In the midst of tax season, here comes a tax case out of the First Circuit Court of Appeals. The case deals with the prerequisites to filing a refund claim with the District Court.
Stripping the tax lingo out of this case, this case really emphasizes the importance of maintaining good tax records and, just as importantly, maintaining proof that you’ve actually mailed your tax returns or claims.
There are many procedural prerequisites to filing a claim for refund in the District Court; one of them is that you can’t maintain a tax refund suit in District Court unless the refund claim “has been duly filed.” This comes from statute, specifically IRC 7422(a).
In this case, a medical group was seeking a refund from the IRS for FICA taxes paid. With regard to their 2001 tax year, the government failed to respond to discovery requests, saying that the District Court had no jurisdiction on the case due to the fact that the claim had never been duly filed. The claim must have been filed within three years from when the return for that year was filed.
The IRS claims that it never received the claim. But is receipt determinative of “timely filing” or does the mailbox rule apply?
The mailbox rule, in tax law, says “timely mailed, timely filed.” But we all know the “check is in the mail” excuse. Under the tax-law mailbox rule, a registered or certified mail receipt is prima facie evidence of delivery.
In this case, however, there was no certified or registered mail. Here, a postmark would have sufficed. But the IRS claimed that it never received the claim, so there is no way to locate the postmark. There was no evidence offered that could prove that the letter was mailed, no testimony from anyone saying that they remembered watching a post office clerk affix a postmark, nor any receipts from the postal office.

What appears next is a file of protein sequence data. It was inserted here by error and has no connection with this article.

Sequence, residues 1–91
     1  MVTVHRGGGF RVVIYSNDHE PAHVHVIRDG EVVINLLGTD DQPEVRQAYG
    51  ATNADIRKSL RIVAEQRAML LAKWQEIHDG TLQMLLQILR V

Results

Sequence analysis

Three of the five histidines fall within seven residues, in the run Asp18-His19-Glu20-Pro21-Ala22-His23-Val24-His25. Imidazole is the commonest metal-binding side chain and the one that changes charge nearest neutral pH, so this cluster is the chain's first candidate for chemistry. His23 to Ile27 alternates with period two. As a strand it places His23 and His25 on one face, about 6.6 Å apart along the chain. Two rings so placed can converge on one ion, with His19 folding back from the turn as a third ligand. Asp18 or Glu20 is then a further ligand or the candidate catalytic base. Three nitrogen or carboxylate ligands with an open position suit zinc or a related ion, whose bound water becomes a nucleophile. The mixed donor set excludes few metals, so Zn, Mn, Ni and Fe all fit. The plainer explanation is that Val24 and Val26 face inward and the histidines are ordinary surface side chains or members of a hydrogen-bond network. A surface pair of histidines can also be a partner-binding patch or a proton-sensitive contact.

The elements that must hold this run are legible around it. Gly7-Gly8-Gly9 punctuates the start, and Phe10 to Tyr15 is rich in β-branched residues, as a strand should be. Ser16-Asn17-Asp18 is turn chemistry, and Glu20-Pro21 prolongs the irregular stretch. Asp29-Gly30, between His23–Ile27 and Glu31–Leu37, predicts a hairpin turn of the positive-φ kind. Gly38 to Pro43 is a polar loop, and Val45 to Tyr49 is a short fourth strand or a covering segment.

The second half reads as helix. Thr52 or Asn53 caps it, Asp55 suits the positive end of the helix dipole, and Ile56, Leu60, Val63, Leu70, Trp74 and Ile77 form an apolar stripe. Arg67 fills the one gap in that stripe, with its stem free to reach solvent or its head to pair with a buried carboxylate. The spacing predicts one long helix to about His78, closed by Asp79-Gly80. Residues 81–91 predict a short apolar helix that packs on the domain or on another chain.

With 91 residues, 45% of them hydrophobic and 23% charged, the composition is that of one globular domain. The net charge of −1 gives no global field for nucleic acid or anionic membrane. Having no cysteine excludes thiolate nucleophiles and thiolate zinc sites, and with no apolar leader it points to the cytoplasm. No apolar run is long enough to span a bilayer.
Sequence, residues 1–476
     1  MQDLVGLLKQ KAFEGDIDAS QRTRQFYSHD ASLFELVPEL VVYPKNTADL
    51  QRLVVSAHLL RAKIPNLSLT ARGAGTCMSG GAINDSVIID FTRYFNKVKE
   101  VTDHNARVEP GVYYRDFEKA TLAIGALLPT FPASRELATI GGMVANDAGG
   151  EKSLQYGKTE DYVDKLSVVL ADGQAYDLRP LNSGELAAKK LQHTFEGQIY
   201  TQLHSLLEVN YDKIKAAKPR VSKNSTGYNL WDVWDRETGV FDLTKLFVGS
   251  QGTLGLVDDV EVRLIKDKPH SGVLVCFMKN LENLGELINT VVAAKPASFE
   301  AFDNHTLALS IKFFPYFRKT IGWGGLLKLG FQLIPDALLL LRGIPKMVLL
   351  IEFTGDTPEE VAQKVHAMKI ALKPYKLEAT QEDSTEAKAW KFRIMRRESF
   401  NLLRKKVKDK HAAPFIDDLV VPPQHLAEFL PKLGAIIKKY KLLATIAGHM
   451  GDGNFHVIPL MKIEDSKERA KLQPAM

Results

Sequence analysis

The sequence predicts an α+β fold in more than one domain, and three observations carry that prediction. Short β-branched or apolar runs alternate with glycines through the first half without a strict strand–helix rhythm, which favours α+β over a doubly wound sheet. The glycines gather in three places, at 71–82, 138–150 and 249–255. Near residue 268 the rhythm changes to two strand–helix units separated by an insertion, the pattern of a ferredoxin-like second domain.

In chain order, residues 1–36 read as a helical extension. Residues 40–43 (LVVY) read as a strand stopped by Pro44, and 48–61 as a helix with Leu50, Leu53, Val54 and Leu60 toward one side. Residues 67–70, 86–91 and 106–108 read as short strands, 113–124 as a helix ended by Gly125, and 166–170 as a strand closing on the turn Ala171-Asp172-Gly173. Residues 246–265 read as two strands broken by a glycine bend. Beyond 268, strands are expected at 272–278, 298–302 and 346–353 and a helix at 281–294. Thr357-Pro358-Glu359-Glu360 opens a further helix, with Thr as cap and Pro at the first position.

Without the ability to show actual delivery or even the level of evidence needed to prove that the letter was put in the mail, the court found that the taxpayer had not been sufficiently diligent in its record-keeping, as it related to the mailing of the tax forms. As such, the First Circuit agreed with the District Court.
This case was lost largely on the fact that the taxpayer didn’t keep track of any records related to the mailing of those returns. The lesson here, as the court noted, is that the IRS does lose returns. If and when it does, the burden is on the taxpayer to show that the return or claim was mailed.